At 2,000 feet above Utah’s lush Heber Valley the Schwiezer 233 glider hangs behind its tow plane like a fine, long-winged falcon effortlessly pursuing a frantic pigeon. Then, with an audible bump, the sailplane releases the 200-foot fiber cord that binds it to its motorized helpmate. The tow plane banks hard to the left, revs its engine, and drops away. The sailplane pilot is left alone—alone with the whistling against the canopy, the invisible air currents, and the translucent blue of the sky.

Slipping along at 40 miles per hour, the knowledgeable pilot scans the landscape for signposts of soaring currents. He notices several: the slope of the nearby mountains, the dark alfalfa patch absorbing heat faster than surrounding pastures, and the hovering cumulus cloud capping a warm, moist updraft. His training reminds him that encounters with these shafts of rising air will lift his craft in direct proportion to its wing size and speed and the density of the air itself.

Suddenly he notices his instruments indicating a significant “thermal.” Up the warm air takes him, his plane climbing in slow, deliberate spirals. At 3,500 feet he holds her steady and peers at the countryside below. The roads seem to be careful checkering on the verdant fabric of corn patches, rectangular barns, and manicured villages of whitewashed homes. Cattle meander like red beetles across the scene.

Eventually, with evening approaching, the pilot’s imagination runs low on games to play with the clouds. Dipping the plane’s slim nose, he silently surrenders to the night and takes her down.

Motorless, totally-free flight has been a vision of man as long as he has been able to dream. But it wasn’t until 1891 that anyone achieved any real success with soaring principles. After careful study of those masterful fliers, the storks, in his native Germany, Otto Lilienthal launched the world’s most famous glider. Made from willow rods and waxed fabric, the craft was a far cry from today’s sleek aluminum planes. Lilienthal flew his masterpiece off a 50-foot homemade tower and glided 232 feet. The accomplishment is all the more impressive considering that in order to control the plane, Lilienthal stood on the shaky fuselage with his arms thrust through padded holes in the wings. By constantly and carefully shifting his weight, a semblance of stable flight was attained.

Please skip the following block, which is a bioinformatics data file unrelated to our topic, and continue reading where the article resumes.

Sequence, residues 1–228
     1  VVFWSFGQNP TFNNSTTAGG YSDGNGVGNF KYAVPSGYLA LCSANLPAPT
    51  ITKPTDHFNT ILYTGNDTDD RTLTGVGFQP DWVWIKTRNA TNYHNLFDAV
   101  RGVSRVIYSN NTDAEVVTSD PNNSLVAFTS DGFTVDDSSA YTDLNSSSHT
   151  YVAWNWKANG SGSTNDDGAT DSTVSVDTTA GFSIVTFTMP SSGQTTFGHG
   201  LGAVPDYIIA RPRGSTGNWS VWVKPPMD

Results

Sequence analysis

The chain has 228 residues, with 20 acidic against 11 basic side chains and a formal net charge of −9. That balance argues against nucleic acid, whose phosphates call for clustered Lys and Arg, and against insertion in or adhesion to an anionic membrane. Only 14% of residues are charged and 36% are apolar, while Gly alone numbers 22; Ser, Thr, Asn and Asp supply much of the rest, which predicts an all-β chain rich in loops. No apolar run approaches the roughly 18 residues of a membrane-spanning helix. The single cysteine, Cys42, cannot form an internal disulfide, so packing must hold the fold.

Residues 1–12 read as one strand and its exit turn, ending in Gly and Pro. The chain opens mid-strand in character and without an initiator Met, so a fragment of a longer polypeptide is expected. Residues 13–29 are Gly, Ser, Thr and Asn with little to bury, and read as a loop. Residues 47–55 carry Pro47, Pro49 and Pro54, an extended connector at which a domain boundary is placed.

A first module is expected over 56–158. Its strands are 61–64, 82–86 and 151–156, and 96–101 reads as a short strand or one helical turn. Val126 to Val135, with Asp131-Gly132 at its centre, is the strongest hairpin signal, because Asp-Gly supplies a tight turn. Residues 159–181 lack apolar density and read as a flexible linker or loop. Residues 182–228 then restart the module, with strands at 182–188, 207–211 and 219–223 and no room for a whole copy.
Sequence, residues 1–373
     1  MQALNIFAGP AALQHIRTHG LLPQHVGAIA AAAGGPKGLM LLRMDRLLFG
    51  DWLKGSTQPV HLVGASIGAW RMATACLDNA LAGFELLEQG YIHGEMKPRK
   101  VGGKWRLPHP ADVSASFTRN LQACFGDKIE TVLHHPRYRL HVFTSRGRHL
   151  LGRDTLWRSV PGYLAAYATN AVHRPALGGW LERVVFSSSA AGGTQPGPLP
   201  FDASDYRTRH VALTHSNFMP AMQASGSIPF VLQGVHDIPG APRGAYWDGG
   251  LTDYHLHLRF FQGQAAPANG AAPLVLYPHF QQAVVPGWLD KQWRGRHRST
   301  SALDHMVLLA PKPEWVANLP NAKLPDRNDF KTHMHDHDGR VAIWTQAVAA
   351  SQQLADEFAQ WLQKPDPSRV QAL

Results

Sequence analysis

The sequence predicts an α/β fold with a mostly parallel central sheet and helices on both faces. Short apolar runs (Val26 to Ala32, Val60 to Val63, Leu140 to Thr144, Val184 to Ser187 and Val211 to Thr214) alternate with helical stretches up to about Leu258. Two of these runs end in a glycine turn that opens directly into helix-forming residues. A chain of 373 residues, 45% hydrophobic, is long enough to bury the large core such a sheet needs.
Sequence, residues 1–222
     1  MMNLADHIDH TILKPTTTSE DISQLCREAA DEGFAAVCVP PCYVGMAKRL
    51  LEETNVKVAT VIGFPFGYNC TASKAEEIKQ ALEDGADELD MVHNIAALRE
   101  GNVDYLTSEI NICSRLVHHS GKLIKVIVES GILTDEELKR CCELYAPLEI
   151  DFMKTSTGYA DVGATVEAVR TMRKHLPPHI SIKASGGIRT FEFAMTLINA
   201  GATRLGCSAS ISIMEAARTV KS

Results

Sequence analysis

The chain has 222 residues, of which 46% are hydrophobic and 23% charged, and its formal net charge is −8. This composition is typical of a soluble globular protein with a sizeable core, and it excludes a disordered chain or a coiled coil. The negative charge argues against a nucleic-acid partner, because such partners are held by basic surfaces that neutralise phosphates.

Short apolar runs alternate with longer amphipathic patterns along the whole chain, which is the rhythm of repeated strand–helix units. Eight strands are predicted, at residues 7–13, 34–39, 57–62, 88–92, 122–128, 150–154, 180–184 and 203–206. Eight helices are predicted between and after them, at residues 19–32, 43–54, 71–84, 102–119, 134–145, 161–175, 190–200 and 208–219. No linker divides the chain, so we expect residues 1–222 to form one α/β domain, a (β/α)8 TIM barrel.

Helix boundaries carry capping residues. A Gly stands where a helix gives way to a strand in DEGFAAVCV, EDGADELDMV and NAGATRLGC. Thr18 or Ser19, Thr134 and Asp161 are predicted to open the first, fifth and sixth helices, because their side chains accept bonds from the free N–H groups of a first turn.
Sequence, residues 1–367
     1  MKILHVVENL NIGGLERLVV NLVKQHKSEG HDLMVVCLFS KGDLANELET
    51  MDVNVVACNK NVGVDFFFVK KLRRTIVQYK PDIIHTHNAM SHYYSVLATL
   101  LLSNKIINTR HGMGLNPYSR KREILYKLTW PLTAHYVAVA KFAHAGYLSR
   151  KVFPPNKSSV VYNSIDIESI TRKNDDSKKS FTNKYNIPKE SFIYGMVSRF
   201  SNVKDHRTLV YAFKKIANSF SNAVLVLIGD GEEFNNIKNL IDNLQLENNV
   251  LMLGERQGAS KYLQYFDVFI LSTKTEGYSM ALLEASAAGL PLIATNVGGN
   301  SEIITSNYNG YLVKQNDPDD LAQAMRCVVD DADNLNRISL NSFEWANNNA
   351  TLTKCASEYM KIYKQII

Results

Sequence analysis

Inspired by the German’s success, the Wright brothers in 1911 took time out from their motorized-flight experiments to set a soaring record that went unsurpassed for ten years. The flight lasted nine minutes and 45 seconds. In comparison, the current record is a flight that lasted for nearly a day and covered 716 miles.

By the 1920s glider competition was the rage in Europe. The highly dedicated German fliers soon discovered that precise analyses of weather and topographical factors could aid in longer flights. These daring pilots flew over the alps by riding the updrafts along the mountain walls or the turbulence ahead of thunderstorms.

Today’s soaring, while just as thrilling as that of 50 years ago, is far less hazardous. Advanced aerodynamic designing has produced planes that combine excellent performance with exceptional safety. Insurance statistics indicate that the only safer mode of transportation is the bicycle. To quote Bruce Timpe, former California soaring instructor and presently a corporate pilot, “The typical glider cruises at 40 miles per hour. Should any trouble develop, the pilot can turn into the wind and come in at an easy 20 miles per hour. This eliminates many of the accidents that can accompany power planes.”

Because of the sport’s built-in safety factor, plus its air of personal challenge, soaring is rapidly catching on with youth groups worldwide. College clubs, particularly, contract with able flight schools for expert instruction. Ground school is taught concurrently with in-flight instruction, and the student can progress as rapidly as he chooses.

A Federal Aviation Administration soaring license is the reward for diligent study and practice. But there are side benefits too. If the fledgling pilot decides to work toward his power license, his soaring hours will fill up to one-half of the necessary power plane hours. The best benefit, however, is an intangible one. What kind of fliers do glider pilots make? “Good ones!” claims professional Bruce Timpe. “Soaring teaches attitude flying. I’ve never met a bad power plane pilot who had previously been a glider pilot.”

Photography by Gene Strate